Catching a Gecko: On Possession

by Gemma Feltovich


I have never held a gecko, which seems to me some kind of loss.

They are endemic to my grandmother’s backyard in southern California.
Living in the cracks between potted plants, lazing around in the sun,
faces tilted to the sky like chrysanthemum buds.

My uncle used to lie like that in the garden, hands folded
over his belly, holding himself like he was waiting
to dissolve into the ground, to trickle off like melting ice.
I would watch his chest rise and fall with the breeze.

The last time I visited was after he died.
I wanted to catch a gecko, to hold it in my hands
and know it was real, feel the heart beneath its skin.

I wanted to believe that such a small thing could contain
            some answer to life.

I remembered the fine fur of my pet rat’s belly, the rapid
drum of her heart in the crook of my elbow.
I remembered the young yellow-bellied warbler
who landed in the palm of my hand one morning
in the garden, his delicate head twitching
to take in the wind, the wide sky.

I sat there, still as anything. I was thinking
how easy it would be to snap his neck,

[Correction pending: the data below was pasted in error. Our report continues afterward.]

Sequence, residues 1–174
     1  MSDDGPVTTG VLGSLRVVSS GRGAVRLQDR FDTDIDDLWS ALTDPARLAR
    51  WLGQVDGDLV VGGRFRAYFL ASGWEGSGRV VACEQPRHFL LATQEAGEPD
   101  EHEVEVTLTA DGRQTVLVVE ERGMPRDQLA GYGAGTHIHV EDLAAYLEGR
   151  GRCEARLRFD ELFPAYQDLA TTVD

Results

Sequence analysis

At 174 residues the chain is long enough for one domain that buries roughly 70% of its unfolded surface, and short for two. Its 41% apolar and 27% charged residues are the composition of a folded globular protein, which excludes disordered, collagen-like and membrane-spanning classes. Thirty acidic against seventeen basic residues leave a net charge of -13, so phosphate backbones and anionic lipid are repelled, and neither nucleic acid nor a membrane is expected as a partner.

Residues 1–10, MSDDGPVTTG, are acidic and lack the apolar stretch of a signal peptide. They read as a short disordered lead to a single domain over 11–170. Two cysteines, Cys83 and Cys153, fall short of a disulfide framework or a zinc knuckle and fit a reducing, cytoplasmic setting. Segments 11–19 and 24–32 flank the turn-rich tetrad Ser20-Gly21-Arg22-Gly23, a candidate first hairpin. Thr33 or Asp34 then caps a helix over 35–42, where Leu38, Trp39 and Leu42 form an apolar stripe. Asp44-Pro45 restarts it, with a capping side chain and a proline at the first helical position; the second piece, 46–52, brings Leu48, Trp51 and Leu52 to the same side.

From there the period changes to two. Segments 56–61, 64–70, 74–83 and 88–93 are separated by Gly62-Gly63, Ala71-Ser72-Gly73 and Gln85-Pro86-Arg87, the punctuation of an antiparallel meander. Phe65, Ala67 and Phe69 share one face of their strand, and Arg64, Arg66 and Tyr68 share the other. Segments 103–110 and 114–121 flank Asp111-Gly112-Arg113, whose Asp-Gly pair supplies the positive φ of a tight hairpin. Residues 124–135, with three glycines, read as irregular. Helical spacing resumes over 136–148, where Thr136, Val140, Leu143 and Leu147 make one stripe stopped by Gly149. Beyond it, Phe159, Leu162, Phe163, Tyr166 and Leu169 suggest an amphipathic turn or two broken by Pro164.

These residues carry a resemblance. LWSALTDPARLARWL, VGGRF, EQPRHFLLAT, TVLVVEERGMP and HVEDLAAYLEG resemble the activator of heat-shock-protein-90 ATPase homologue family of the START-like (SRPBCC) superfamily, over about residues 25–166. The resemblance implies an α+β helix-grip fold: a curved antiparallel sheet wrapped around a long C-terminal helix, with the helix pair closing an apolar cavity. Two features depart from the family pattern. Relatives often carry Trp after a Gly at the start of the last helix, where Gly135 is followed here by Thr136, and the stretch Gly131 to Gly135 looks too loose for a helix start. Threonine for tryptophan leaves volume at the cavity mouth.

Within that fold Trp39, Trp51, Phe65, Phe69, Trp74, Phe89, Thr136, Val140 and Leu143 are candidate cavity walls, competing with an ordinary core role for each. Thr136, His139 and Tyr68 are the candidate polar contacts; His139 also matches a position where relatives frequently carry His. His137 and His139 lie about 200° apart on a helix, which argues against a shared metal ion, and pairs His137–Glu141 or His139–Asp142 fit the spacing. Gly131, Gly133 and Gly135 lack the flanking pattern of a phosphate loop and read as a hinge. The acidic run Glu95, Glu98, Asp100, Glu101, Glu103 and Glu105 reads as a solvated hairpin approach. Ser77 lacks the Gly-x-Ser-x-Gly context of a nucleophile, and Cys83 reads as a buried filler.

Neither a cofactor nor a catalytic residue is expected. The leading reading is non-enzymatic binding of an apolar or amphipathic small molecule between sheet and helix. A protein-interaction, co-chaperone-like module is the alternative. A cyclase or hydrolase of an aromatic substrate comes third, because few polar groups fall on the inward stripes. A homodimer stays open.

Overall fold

how fragile the little sinews were that held
            his soul intact.

The bird flew away, the rat died. My grasp
was gentle, kind. Sometimes I do not feel kind.
A gecko, a wriggling, twisting, irritable thing,
seems a suitable creature to hold in your fist:
            something to show to grief in triumph.

I spotted a lone gecko lying on the hot terracotta tiles,
nearly still enough to disappear. When it retreated
behind a plastic trash can, I lifted the can to see it better,
but the gecko darted towards me and I startled
and dropped the lid. The harsh edge of it


the gecko’s tail
from its body.

            It wriggled away
            into the brown grass

and I stood there watching the detached tail writhing around
on the tiles, filled with some kind of miserable impulse to move,
to rejoin the rest of it. Unaware that it was no longer part of a whole.

I picked it up. The muscles of the tail twisted
between my fingers, sweeping back and forth
like a windshield wiper. I could see the bone inside it,
            delicate as the spine of a tuna fish.

The gecko was gone,

and what remained was this vicious wound,
an abstract painting trying and failing to be a gecko.

I could not manage to possess the gecko, but it still
lost something. It escaped with less of itself than before.
I held a piece of it in my fingers and felt something
close to shame and closer to triumph. Close to sorrow
            and closer to greed.

The sky was a flat sort of blue.
            The ugly reclining chair on the patio
            where my uncle liked to nap
            was empty.

I went inside and washed my hands.


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